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  • Writer's pictureThe Publishing Post

The Return of the Dystopian.

By Gemma Mathers, Bianca Scasserra and Holly Butterfield.

Dystopian themes have been woven through many great tales across the years. The broad genre has seen the birth of sci-fi phenomenon, The Hunger Games, and the futuristic world of Divergent, both novels which are a staple in most libraries. This trend is continuing to make waves with the return of new releases that prequel an existing world. With that in mind, we’re taking you on a trip down dystopian memory lane and spotlighting the books you need to add to your collection.

Whilst dystopian fiction represents the idea of an almost “unliveable” future, the genre is renowned for cleverly exploring themes that are grounded in reality. For example, delving into themes of government oppression, such as 1984 by George Orwell, and rights violations that lead to societal rebellion, such as The Hunger Games by Suzanne Collins. We can also see contemporary literature that reflects the pressing concerns of today such as the looming issues surrounding climate change disasters, the rapid advancement, and unknown risks of artificial intelligence and violations of reproductive rights. These modern cautionary tales draw readers’ attention to disturbingly plausible scenarios that could unfold in the near future. These books help to foster a sense of urgency, compelling us to confront certain challenges or risk their potential consequences.

To kick off our recommendations this week is The Ballad of Songbirds and Snakes by Suzanne Collins. There’s something to be said about Suzanne Collins' return to the world of The Hunger Games. Set sixty-four years before the events of the first novel, The Ballad of Songbirds and Snakes follows the journey of Coriolanus Snow, future president of Panem, as he navigates a post-war world and the events that would lead to his succession. Collins yet again delivers a powerful, intoxicating narrative and throws the reader straight back into the world of The Hunger Games as if no time has passed. Readers of the original trilogy will love this addition to the franchise.

Next, we have the Man Booker Prize-nominated novel The Water Cure by Sophie Mackintosh. The Water Cure is set in a world in which men may be toxic to women (quite literally). In a desperate attempt to protect their family, two parents raise their three children on a remote island away from the dangers posed by the world, until three men wash up on their shores and threaten the peace they’ve so carefully curated.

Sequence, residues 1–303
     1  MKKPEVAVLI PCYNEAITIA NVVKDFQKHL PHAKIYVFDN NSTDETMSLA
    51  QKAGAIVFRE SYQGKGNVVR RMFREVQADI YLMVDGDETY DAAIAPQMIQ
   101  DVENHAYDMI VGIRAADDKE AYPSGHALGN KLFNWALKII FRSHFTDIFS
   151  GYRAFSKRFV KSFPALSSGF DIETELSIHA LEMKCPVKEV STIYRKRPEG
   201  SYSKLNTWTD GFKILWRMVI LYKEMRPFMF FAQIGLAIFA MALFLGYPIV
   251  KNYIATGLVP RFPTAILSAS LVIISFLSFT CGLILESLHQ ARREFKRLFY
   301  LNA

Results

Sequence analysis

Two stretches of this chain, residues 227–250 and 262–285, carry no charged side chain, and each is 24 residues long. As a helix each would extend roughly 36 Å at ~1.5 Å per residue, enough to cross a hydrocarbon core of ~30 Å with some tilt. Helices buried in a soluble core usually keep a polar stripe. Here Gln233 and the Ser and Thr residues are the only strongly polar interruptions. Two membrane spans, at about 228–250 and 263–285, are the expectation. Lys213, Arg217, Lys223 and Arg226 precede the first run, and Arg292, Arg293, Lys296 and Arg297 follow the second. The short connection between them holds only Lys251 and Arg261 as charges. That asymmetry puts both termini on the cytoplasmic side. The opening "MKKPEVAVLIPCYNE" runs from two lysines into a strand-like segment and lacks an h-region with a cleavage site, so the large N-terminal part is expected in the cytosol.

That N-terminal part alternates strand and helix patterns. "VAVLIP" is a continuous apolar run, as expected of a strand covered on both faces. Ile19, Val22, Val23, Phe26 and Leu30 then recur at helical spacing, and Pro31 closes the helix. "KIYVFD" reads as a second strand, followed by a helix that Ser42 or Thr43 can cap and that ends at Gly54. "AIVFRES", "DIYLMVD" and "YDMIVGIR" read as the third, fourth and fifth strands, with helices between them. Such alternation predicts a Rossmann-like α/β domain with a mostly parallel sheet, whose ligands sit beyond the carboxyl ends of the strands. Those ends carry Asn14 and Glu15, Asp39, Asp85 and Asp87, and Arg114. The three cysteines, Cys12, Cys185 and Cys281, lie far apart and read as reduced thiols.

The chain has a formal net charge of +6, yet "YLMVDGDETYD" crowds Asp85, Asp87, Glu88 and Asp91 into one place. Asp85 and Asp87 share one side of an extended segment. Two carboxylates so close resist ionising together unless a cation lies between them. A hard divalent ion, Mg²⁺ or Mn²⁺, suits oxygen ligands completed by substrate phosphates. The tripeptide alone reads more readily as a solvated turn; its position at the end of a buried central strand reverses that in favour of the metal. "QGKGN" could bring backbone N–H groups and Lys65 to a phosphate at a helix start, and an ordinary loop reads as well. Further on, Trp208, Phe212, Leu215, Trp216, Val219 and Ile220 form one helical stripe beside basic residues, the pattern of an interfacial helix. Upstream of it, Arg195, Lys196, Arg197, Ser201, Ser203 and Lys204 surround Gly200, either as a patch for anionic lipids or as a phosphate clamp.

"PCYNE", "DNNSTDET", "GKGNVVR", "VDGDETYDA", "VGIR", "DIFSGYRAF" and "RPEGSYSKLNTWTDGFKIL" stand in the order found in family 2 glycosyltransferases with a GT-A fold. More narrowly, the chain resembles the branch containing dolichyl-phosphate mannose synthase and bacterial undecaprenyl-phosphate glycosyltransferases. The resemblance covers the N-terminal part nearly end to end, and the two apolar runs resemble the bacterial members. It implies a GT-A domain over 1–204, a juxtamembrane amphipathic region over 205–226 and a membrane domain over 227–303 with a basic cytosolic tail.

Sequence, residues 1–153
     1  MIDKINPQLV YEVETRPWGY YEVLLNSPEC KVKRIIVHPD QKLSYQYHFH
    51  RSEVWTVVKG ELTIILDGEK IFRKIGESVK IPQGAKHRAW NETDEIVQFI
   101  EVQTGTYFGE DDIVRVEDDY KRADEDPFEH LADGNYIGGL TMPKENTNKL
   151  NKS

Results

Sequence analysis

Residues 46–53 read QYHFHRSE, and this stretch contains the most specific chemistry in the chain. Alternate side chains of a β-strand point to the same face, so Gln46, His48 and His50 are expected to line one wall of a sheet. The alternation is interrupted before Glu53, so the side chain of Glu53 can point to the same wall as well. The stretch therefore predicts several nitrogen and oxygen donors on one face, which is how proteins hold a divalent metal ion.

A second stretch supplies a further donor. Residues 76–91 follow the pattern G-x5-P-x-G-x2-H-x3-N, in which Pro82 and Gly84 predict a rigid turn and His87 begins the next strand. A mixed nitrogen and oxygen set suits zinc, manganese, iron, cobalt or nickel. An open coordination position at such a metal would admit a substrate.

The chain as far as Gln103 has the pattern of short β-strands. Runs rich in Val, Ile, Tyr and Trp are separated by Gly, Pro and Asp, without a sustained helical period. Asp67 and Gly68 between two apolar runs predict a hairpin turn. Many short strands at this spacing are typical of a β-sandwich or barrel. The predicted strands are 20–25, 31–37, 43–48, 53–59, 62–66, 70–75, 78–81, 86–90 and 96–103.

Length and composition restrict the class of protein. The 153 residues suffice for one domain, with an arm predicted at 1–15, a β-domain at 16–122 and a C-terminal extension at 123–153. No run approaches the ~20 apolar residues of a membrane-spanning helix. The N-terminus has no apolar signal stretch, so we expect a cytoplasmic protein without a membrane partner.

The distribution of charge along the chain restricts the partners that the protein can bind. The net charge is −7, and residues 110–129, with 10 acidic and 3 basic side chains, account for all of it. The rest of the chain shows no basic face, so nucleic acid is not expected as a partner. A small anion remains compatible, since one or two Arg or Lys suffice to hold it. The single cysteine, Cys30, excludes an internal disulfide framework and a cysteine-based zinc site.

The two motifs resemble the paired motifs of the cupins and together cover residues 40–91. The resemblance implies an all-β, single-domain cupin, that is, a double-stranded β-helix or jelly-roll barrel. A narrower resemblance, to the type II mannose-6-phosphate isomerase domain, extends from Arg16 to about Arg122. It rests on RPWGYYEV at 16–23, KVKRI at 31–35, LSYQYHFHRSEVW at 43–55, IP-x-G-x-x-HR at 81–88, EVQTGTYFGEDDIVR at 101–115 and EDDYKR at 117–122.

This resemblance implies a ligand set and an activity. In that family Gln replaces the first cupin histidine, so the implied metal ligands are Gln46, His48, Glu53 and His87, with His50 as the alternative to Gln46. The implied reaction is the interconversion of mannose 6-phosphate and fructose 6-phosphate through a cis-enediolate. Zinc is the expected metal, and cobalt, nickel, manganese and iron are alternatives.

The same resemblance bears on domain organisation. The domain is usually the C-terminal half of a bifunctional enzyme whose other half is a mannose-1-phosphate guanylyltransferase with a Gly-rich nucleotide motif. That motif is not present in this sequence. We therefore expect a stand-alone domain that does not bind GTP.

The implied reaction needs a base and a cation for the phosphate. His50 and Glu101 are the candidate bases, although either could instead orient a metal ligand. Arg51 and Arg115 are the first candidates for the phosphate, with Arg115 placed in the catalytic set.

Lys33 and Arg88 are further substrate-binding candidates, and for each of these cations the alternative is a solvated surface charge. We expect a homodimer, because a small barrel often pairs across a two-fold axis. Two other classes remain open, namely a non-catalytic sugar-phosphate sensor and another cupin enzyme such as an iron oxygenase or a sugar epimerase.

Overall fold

Uglies by Scott Westerfield is set in a futuristic dystopian world in which everyone in society is deemed “ugly” until they go through a cosmetic procedure at the age of sixteen to turn them “pretty.” Uglies deals with themes of change, acceptance and the impact of society on the self. A potent novel in the age of social media where anything can be edited and changed to fit a perception.

Our next pick fits accordingly with the events of recent years: Red Clocks by Leni Zumas. Set in an imagined-future America where abortion is illegal, IVF is banned and every embryo is granted rights – five women face the consequences of a world which controls their bodies. A must-read and a very powerful novel by Zumas.

Camp Zero by Michelle Min Sterling follows the survivors of a climate change-wracked world as they arrive at Camp Zero in northern Canada, but the base is home to hidden secrets and a disturbing mystery that threatens to unravel their safe haven. Camp Zero unearths themes of class, gender and migration in the dystopian setting of a world undone by climate change. A compelling read by Sterling with eerie connotations of what the world may become.

Finally, we have Station Eleven by Emily St. John Mandel, which depicts a world destroyed by flu and a member of an acting troupe in the dark days of civilisation collapse. Station Eleven is a great read full of reflection and thoughtful, compassionate ideas of the world in which the reader comes away not fearful of the end of the world but grateful for each day as it comes. Station Eleven is not only a great read but a ten-part limited series on Lionsgate+.

These are just a few recommendations from an almost never-ending list of books for readers to choose from to satisfy this desperate hunger for dystopian texts. There is a sense of nostalgia for all readers who grew up loving this genre, and the return of dystopian is hopefully only the beginning for more amazing writers.



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